He has a daughter about Maura's age. She's blind in one eye, which sometimes makes her less aware of her surroundings. One day, while hanging out in her college room, she looked up to find a large man standing in her bedroom. He seemed to lose his nerve when she caught him and he backed out of the room and ran away. She was so shook up it took her 20 minutes to find her cell phone to call her dad. "There but for the grace of God goes my daughter," he says.
The first thing Healy did when he agreed to look into Maura's disappearance, was to speak with Jeff Strelzin, the chief prosecutor at the AG's office, who happened to be a childhood friend. He wanted to give them a heads-up before he started interviewing witnesses. Shortly thereafter, Healy spoke with Fred and Maura's family. In 2006, with the help of a dozen other PI's and a slew of local volunteers, Healy organized a massive Search and Rescue operation, using cadaver dogs capable of sniffing out a body under cement or water. "We've searched pretty much everything within a 5 mile radius of where Maura wrecked her car."
But, for the most part, the searches have yielded no clues. "We found a piece of rug with some blood in an old abandoned house but I'm 90% sure it had nothing to do with the case. We gave the location to police."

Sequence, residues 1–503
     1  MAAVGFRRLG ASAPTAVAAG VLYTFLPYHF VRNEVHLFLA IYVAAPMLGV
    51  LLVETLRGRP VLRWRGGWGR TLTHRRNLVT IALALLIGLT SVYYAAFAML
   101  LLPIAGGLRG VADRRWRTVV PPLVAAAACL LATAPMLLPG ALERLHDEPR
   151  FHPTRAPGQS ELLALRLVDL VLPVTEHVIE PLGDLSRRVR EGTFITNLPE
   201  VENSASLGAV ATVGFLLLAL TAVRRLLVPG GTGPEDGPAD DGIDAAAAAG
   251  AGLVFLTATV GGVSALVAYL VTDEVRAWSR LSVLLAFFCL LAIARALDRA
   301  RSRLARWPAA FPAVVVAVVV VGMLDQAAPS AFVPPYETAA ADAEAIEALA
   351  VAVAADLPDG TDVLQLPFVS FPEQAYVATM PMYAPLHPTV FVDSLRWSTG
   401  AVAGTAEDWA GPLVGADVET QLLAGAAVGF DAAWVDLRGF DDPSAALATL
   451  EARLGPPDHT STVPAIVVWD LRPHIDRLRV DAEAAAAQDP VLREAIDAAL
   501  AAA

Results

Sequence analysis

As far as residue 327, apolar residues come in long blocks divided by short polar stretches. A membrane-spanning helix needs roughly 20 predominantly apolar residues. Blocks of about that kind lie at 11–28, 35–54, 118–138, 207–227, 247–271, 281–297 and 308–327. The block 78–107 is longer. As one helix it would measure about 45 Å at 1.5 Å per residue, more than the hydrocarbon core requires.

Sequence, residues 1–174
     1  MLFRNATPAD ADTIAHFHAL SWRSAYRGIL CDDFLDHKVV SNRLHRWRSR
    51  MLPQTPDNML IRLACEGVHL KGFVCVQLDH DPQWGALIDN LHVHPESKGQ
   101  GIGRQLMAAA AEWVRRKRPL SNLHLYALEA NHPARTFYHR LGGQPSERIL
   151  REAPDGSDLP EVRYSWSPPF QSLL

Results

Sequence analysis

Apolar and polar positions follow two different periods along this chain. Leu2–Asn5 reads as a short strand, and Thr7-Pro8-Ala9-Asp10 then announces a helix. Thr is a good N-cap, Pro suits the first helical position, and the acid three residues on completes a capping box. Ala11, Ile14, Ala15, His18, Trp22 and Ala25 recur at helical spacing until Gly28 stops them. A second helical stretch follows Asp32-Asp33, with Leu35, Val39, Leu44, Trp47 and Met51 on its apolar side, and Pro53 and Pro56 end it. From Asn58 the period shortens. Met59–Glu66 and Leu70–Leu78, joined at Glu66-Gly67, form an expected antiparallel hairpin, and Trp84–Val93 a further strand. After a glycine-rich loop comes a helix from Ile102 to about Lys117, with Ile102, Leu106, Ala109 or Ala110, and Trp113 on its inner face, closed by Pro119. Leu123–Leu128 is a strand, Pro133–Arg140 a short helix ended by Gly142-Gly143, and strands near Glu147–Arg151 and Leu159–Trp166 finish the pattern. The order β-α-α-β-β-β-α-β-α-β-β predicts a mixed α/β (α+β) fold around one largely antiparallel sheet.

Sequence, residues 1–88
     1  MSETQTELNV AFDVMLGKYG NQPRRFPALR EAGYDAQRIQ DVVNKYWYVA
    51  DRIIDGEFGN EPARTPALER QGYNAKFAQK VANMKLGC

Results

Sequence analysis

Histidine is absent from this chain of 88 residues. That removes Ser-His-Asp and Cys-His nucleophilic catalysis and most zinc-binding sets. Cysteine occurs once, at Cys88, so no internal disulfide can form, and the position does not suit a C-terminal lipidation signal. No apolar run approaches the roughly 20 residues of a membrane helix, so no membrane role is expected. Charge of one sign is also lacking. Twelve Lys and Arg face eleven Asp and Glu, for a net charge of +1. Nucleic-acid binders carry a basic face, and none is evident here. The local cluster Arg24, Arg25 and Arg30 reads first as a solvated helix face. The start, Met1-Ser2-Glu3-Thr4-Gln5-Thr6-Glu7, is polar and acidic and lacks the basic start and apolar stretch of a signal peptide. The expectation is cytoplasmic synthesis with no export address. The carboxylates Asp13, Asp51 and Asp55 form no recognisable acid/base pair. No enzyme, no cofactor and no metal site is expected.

Most of Healy's investigation has been conducted in New Hampshire, but he did learn a little about Maura's life at UMass and some things that might have stressed her out enough to want to get away for a little while. "She was caught using someone's credit card inappropriately. What we were told was that she had ordered pizza with a credit card that was not her own."
Healy and his friends interviewed a number of strange characters near where she went missing. One of the people he looked at closely was the man he refers to as "that shithead, Butch Atwood. He gave us 3 different versions of what happened the night he talked to Maura on the side of the road." In one version, Maura spoke to him from the car. In another, she was standing outside when she spoke to him. Healy even went to Florida, after Butch moved there, to question him again. But Butch wouldn't say anything other than to tell the PI that he had once been a police officer in Taunton , Mass--another lie, as Butch was never a police officer, though he did work for local government in Taunton for a time. In the end, it appeared Butch was nothing more than a tale-tale teller, a guy prone to exaggerating stories, "a pathological liar."
Rick Forcier was another strange puppy, as far as Healy is concerned. "When we went to talk to him, he wouldn't let us in his trailer."
As for his relationship with Murrays, that has disintegrated over the years. "Fred is a volatile man," he explains. "But I can't fault him."
Healy believes Maura was murdered. "We're sure she was killed. Her death was caused by the intervention of another human being. And we're pretty sure we know who did it. Everything points to one direction."
His personal theory is that Butch may have seen someone stop and pick up Maura. He thinks it might have been someone who Butch was afraid of. Afraid enough to keep it secret even on his death bed.